What Is Contact Dermatitis?
The word dermatitis means inflammation of the skin. This condition usually presents as a red and itchy reaction resulting from the skin coming into contact with a substance, which the body recognises as "foreign". There are two types of contact dermatitis: allergic contact dermatitis and irritant contact dermatitis.
Allergic contact dermatitis results from the immune system being over-reactive to the foreign substance, usually an animal or vegetable protein. Common causes of this type of dermatitis include many poisonous plants (such as poison ivy or poison oak), metal nickel (on jewellery and pants buttons), tanning agents in leather, and latex rubber. Fragrances in soaps, shampoos, lotions, perfumes and cosmetics can also cause a reaction.
Irritant contact dermatitis usually results from contact with a substance that directly damages your skin. This condition often occurs to the hands when repeatedly exposed to chemicals, cleansers, detergents and solvents.
Signs and symptoms
Both allergic and irritant contact dermatitis can cause your skin to become:
Preventing and managing contact dermatitis
Avoiding the cause
The most important step in managing contact dermatitis is to identify the allergen or irritant and to avoid it. You may need to change the product that causes the dermatitis to another product safe for your skin. Check the ingredients of the new product to ensure it does not contain any allergen or irritants you are sensitive to. You may also need to call the manufacturer of the product to find out if the product is a suitable substitute.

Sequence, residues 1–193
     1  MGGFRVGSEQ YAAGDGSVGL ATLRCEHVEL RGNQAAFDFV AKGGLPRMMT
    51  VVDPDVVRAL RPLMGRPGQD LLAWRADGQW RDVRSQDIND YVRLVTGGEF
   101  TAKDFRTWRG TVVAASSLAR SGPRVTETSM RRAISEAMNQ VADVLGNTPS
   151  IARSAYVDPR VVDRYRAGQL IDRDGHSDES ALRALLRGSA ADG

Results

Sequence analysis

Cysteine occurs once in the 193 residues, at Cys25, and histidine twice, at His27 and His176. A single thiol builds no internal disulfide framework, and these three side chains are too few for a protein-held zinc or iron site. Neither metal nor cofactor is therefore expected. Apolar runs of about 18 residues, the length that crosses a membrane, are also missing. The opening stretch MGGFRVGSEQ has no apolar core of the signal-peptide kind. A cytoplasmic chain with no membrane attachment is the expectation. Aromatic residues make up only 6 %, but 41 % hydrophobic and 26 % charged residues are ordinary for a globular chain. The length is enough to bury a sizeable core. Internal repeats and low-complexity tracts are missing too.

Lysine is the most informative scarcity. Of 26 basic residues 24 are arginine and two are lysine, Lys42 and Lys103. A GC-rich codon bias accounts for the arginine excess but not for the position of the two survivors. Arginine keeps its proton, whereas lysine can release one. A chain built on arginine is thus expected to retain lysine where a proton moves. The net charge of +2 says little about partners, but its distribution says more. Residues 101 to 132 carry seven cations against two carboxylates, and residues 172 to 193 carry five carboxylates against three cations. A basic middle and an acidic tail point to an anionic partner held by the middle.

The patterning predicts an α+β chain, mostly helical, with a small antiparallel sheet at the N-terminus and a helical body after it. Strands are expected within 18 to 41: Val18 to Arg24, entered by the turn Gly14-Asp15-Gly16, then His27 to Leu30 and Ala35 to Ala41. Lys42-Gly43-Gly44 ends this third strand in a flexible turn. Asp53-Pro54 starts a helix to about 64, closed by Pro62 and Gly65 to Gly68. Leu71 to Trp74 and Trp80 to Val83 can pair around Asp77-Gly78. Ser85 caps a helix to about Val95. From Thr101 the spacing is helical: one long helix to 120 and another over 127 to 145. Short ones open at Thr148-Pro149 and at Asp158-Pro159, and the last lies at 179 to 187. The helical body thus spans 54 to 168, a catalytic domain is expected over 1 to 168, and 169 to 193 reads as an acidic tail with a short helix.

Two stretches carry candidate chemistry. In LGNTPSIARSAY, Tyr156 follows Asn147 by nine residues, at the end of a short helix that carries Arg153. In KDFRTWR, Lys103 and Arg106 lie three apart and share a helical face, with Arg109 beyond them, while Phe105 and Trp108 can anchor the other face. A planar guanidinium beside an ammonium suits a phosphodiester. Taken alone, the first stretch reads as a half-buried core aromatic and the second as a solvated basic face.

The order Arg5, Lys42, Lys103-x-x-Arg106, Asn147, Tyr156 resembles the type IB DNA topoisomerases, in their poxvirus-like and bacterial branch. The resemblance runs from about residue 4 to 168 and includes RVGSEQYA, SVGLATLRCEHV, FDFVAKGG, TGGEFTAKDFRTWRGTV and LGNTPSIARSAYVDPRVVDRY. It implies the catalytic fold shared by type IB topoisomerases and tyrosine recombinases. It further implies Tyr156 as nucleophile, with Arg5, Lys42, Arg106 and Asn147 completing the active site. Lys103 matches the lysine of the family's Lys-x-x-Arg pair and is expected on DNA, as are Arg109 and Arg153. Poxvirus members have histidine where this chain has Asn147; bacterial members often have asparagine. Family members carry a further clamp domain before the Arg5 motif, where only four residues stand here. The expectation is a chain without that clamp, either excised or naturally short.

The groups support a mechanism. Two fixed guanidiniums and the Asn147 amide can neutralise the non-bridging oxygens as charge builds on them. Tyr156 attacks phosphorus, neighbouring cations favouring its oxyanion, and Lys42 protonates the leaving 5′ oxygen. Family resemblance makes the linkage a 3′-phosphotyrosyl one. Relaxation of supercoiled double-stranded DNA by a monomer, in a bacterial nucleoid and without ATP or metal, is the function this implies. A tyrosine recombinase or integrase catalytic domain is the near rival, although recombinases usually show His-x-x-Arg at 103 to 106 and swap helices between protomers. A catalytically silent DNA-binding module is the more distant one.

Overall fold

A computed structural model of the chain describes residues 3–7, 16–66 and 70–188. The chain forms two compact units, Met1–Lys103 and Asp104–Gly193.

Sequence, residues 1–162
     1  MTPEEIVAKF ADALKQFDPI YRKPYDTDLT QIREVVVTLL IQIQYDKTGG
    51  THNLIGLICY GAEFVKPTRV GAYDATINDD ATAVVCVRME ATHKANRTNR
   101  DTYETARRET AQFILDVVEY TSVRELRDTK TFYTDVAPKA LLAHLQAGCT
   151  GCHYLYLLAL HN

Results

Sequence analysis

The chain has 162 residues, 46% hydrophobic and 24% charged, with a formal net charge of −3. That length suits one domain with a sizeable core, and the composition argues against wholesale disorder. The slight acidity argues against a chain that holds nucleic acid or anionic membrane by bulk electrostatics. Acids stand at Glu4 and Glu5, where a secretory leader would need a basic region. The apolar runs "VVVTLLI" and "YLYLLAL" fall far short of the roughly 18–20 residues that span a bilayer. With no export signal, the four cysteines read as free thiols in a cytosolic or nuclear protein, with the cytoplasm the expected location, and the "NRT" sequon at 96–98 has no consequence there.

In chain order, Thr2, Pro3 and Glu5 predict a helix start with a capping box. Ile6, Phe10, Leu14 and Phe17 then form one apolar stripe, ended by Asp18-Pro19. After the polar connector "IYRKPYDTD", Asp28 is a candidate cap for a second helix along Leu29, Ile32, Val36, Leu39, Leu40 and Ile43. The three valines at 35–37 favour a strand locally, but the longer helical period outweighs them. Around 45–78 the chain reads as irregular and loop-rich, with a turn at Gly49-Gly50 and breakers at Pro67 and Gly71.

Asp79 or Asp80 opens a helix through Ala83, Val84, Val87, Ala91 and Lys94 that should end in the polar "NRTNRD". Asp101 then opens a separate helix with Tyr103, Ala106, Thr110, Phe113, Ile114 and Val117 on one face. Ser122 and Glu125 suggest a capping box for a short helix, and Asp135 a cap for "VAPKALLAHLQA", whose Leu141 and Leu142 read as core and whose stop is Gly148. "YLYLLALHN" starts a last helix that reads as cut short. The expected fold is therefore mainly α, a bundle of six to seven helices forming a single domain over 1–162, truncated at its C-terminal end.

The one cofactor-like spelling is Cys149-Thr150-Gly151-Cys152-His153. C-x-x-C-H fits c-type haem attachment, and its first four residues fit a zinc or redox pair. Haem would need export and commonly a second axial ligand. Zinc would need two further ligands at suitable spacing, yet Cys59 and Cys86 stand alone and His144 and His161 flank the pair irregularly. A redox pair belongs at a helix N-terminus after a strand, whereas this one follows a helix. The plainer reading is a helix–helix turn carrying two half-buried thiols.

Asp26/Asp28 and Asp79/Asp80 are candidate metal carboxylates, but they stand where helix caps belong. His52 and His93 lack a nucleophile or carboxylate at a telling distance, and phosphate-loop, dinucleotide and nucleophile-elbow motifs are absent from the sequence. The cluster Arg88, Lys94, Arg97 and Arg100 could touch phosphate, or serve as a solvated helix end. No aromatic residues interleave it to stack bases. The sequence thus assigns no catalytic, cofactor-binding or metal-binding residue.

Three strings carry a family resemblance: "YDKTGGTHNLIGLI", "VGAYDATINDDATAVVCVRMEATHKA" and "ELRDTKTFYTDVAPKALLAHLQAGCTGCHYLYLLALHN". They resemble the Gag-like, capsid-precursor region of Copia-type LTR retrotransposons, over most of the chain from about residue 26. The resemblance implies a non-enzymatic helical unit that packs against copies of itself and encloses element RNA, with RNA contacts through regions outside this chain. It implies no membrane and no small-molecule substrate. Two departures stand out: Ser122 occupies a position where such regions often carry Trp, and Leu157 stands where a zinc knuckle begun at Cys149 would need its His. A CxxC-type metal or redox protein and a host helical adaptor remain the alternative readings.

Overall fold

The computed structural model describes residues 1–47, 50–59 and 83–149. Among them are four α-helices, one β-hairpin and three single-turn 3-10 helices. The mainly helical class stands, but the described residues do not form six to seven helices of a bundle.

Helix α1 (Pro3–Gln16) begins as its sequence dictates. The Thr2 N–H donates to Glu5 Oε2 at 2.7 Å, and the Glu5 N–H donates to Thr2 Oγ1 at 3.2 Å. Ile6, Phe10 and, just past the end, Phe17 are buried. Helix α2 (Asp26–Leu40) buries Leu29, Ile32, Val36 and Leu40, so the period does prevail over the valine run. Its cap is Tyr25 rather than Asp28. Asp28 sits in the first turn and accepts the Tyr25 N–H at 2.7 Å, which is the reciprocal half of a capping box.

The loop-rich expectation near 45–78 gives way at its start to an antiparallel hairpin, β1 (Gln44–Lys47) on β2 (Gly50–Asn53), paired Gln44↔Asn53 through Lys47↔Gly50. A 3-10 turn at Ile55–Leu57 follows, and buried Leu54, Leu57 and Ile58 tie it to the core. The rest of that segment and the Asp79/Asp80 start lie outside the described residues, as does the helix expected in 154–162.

Washing and cleaning the affected area
Upon contact with an allergen or irritant known to cause contact dermatitis, wash the area affected with lots of water and a mild soap, preferably a soap-free cleanser or a soap substitute (an emollient).
Wearing protective clothing/gear
If you are exposed to these substances due to the nature of your job, wear adequate protection, such as covered clothing or gloves, to minimise your contact with them. If you are allergic to latex rubber, wear a pair of cloth gloves under the rubber gloves. Take off your gloves from time to time as sweating may also worsen any symptoms you already have.
Using a barrier cream
Barrier creams work by creating a barrier between the irritant and your skin. If used correctly, it can protect you from being in contact with the irritant. However, do not rely on this as the sole protection from contact dermatitis.
Moisturising the affected area
Contact dermatitis can cause your skin to be dry and cracked. Using a suitable moisturiser can prevent it from being further irritated. Emollients can be used to prevent water from being lost from the outer layer of the skin. Apply an emollient after gently drying the skin after a bath. Remember to re-apply every two to three hours for very dry skin.
If your skin is mildly red and inflamed, you may use a mild corticosteroid cream to reduce the itch and redness. Different strengths of corticosteroid creams are available in the market but most of them will need a prescription from the physician. A mild corticosteroid cream can be obtained from the pharmacist, but it may not be suitable for everyone. Check with the pharmacist if you can safely manage your contact dermatitis using the corticosteroid cream or if you should be referred to a physician.